Not only is Pete Dawkins the Heisman winner that I admire the most, he’s one of the most accomplished people I have ever come across. At West Point, he became Brigade Commander, class president, captain of the football team and was in the top five percent of his class. A cadet is considered outstanding if he attains even one of these positions. Dawkins was the only cadet in history to hold all four at once.
After winning the Heisman in 1958, he opted not to play pro ball, instead winning a Rhodes Scholarship to Oxford. Dawkins went on to spend 24 years as an officer in the Army, earning two Bronze Stars for Valor for his service in Vietnam. In 1981, at 43, he became the Army’s then youngest brigadier general. Along the way he earned a Ph.D. in public policy from Princeton and became a White House fellow, while playing a mean jazz trumpet, piano, guitar, clarinet, trombone and French horn.
“I was, uh, sort of intense,” the 59-year-old Dawkins said sheepishly in a Sports Illustrated interview. After retiring from uniform, he ran for the U.S. Senate, became CEO of Primerica, and is currently the vice chairman of Citigroup. And did I mention he beat polio at age 11 and appeared on the cover of Life?
Dawkins is extremely busy and rarely does shows. At his last appearance in Houston signatures ran $40-50. He is known to sign by mail if you’re patient. Pete can take nearly two years to respond to requests. But, believe me, it’s worth the wait.
Other signing winners from the ’50s include Dick Kazmaier ($35), Johnny Lattner, Howard Cassady, Paul Hornung ($35) and John David Crow, who were all among my recent through the mail successes.
Gary Beban (1967, UCLA)
Known as “The Great One,” Gary Beban excelled in both athletics and academics at UCLA, majoring in European History and playing in the 1967 game that came to be known as the greatest college football game ever played. Pitted against USC, led by Heisman candidate O.J. Simpson, Beban played the game even though he was badly injured. Fighting the pain, Beban threw for over 300 yards and two touchdown passes, though USC eventually won, just 21-20. Following the effort, L.A. Times columnist Jim Murray wrote, “If Gary Beban wins the Heisman Trophy, they ought to fill it with aspirin.” Beban won it alright. He also won the Maxwell Trophy, the Washington Touchdown Club Trophy, W.J. Voit Memorial Trophy and the Dolly Cohen award, given to the player best combining academic and football achievement.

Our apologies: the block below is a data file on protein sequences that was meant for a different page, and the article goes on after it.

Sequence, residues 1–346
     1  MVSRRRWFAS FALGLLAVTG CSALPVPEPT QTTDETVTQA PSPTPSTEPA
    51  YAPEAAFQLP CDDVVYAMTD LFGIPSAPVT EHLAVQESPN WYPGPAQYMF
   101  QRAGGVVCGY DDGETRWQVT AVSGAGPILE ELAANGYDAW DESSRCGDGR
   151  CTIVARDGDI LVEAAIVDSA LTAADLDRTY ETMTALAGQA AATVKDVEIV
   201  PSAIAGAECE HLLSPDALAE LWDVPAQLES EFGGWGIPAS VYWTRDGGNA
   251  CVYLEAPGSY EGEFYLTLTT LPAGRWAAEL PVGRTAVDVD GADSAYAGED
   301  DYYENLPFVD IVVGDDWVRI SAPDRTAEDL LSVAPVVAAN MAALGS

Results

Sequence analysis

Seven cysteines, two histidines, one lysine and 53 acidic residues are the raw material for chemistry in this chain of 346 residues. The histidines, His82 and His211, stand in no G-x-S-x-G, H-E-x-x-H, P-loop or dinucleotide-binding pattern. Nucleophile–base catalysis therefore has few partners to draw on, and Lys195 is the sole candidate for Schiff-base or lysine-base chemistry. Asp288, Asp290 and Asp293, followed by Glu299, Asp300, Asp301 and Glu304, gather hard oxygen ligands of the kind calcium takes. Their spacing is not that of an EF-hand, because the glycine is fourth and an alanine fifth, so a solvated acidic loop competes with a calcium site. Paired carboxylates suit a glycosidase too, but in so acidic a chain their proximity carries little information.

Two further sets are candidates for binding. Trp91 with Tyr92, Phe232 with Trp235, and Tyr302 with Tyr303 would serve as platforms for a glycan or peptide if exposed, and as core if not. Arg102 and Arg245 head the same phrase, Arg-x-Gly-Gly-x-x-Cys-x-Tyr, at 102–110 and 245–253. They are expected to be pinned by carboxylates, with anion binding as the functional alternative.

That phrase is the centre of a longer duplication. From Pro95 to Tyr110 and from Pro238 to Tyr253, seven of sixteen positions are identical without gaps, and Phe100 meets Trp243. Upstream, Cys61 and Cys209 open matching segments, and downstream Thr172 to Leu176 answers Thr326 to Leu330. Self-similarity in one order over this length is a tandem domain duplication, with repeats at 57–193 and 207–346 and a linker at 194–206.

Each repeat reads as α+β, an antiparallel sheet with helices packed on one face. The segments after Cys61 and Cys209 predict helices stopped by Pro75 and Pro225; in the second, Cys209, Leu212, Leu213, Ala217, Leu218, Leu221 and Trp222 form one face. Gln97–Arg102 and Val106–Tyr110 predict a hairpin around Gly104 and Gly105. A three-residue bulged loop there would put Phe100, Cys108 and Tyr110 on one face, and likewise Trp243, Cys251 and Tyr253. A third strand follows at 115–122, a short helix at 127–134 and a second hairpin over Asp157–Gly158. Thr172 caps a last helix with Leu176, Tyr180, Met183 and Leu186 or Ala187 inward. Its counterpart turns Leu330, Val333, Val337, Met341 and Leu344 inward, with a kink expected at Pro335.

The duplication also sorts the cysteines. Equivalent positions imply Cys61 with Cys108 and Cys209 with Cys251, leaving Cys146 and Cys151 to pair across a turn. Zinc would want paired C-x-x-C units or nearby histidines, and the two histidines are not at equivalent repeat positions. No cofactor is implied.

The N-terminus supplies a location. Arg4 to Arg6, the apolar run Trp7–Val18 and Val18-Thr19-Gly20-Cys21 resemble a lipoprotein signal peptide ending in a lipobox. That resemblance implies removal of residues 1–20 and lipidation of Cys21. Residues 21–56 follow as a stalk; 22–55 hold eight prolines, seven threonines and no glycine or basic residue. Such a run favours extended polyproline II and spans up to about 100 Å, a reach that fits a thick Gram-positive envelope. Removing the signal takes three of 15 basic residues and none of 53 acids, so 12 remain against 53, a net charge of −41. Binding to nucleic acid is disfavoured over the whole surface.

After graduating, Gary was selected in the second round of the 1968 NFL draft by the Washington Redskins. He spent two seasons sitting behind veteran quarterback and future Hall of Famer Sonny Jurgensen before choosing to retire after the 1969 season. He went on to a successful career in real estate.
His nickname, The Great One, holds true for his signing habits as well. He often responds through the mail in just over a week and typically includes the inscription UCLA ’67. He rarely makes show appearances, but he was one of 24 former Heisman winners to appear at the National Sports Collectors Convention in Cleveland in July 2009.
All of the 1960s Heisman winners are relatively affordable and obtainable, with the exception of Ernie Davis who played for Syracuse. Davis was the first African American to win the Heisman and he died of leukemia in 1963, making him the second most difficult Heisman autograph. Joe Bellino, Terry Baker, John Huarte, Steve Spurrier and Steve Owens all signed for me through the mail in less than a month.
Archie Griffin: 1974 and 1975, Ohio State
Archie Griffin is the first and only two-time Heisman winner. In 1973, the running back finished fifth in the voting and went on to win back to back awards in 1974 and 1975. Archie won four Big Ten Conference titles with the Ohio State Buckeyes and was the first player to start in four Rose Bowls. Legendary coach Woody Hayes called him “The greatest football player I’ve ever coached.” And Hayes coached a lot of great players over his 27 seasons at Ohio State. In 1976, Archie was drafted 24th overall in the NFL draft by the Cincinnati Bengals, where he went on to a seven year NFL career. Archie had 26 touchdowns in college, but only seven in the NFL.
After football, Griffin returned to his alma mater to earn his MBA and he is currently president of the Ohio State University Alumni Association. After years of signing for free by mail, Archie now charges $25 per signature. He is a highly sought after public speaker and I’ve found him to be a very accommodating signer in person.
Other 1970s Heisman winners currently signing by mail include Pat Sullivan ($10), Johnny Rodgers ($20), Earl Campbell ($35), John Cappelletti and Billy Sims.
Herschel Walker: 1982, Georgia
Three-time All-American running back, Herschel Walker won the Heisman in 1982, during his junior year at the University of Georgia. At the time, the NFL would only accept players who had completed their collegiate career. But Walker didn’t want to wait that long. With the founding of the United States Football League, Walker had his chance for big marketing endorsements and he didn’t want to turn them down.